Open-source learning*

Development Policy01 May 2010Janelle Ward

I’m currently teaching a BA-level course called Communication Technologies and their Impacts. It provides an overview of the historical development of media and communication technologies (newspapers, radio, television, the internet) and covers a variety of impacts of communication technologies (think social, political, cultural and economic). But there’s one thing I keep struggling with: the textbook! The content is never quite right, and books often have a US or primarily Western perspective (problematic as I’m teaching a roomful of international students).

Recently I thought that if the perfect book doesn’t exist, perhaps I should write my own. Not feasible; not in the near future anyway. But then I discovered a better idea: this TEDTalk by Richard Baraniuk on open-source learning. In the talk (from way back in 2006) Baraniuk presents his work as the founder of Connexions, an “online knowledge repository where anyone can create lessons through open source authoring.” He advocates the building of a knowledge ecosystem: customized textbooks (including a variety of teaching materials) for customized courses (kindergarten through higher education).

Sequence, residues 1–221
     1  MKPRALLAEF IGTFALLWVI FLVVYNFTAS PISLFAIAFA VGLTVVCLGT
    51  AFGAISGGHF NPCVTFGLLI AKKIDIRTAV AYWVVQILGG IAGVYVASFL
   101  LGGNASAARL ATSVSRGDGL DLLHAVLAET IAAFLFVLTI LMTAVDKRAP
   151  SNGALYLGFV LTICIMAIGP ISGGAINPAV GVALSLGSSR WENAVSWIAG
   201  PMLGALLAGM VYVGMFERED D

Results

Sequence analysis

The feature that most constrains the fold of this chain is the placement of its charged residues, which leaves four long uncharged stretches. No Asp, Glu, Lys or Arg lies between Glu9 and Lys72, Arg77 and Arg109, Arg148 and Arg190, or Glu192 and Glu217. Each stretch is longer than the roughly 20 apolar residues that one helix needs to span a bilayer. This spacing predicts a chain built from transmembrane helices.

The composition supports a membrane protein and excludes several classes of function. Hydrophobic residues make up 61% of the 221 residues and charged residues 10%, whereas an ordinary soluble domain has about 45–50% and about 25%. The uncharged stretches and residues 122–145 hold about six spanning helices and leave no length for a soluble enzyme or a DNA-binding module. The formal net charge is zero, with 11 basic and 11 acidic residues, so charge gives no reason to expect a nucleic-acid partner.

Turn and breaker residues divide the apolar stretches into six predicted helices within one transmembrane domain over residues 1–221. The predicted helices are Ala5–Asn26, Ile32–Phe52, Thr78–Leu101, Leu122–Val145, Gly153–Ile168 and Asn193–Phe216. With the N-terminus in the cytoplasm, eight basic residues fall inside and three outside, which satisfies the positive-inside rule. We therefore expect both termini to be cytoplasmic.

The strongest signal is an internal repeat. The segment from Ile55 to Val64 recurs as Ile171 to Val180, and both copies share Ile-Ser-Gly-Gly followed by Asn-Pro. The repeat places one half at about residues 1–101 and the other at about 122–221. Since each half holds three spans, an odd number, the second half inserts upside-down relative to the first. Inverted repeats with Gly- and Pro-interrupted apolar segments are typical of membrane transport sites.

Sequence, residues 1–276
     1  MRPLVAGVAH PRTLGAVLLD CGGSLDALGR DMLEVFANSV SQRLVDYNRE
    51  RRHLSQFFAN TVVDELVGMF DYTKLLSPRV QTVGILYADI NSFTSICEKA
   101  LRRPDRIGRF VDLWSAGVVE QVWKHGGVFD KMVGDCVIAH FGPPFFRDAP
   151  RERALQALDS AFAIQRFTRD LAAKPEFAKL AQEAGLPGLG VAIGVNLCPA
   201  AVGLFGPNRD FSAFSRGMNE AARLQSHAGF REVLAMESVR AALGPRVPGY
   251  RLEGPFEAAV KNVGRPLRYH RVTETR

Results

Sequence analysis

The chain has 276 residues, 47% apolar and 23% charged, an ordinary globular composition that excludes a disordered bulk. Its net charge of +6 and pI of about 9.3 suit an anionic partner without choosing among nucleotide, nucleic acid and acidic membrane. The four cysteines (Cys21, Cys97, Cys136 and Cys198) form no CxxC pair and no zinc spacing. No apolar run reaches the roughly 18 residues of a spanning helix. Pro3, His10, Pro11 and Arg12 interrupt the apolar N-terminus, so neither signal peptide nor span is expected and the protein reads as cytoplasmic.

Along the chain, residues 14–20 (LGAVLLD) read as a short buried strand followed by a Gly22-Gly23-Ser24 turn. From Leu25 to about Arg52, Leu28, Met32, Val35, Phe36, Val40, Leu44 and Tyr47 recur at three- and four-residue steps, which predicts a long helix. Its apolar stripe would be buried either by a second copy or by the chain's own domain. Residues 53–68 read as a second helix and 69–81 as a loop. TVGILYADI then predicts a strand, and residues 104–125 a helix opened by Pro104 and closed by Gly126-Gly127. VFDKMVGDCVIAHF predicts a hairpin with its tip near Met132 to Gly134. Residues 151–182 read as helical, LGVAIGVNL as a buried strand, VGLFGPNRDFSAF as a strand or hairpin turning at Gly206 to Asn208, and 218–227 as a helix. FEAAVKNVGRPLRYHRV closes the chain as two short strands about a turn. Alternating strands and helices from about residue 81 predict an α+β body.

As specified in this edutopia article, Baraniuk is quick to address critics and points to a number of positive points to his approach: First, authorship: authors’ names appear with their work; attribution is required whenever the free material is used or reused. Second, peer review: some authors first submit contributions to their respective professional organizations, who then review and endorse materials.

Although I haven’t found anything to solve my course problem, I’m greatly encouraged by this work. I would love to offer my students a highly-relevant, up-to-date, affordable textbook that includes all necessary materials, and also takes the international perspective that they crave. To succeed in the search, it’s time to look at content that has been made part of a knowledge ecosystem.

*a longer version of this blog post appears on my personal blog.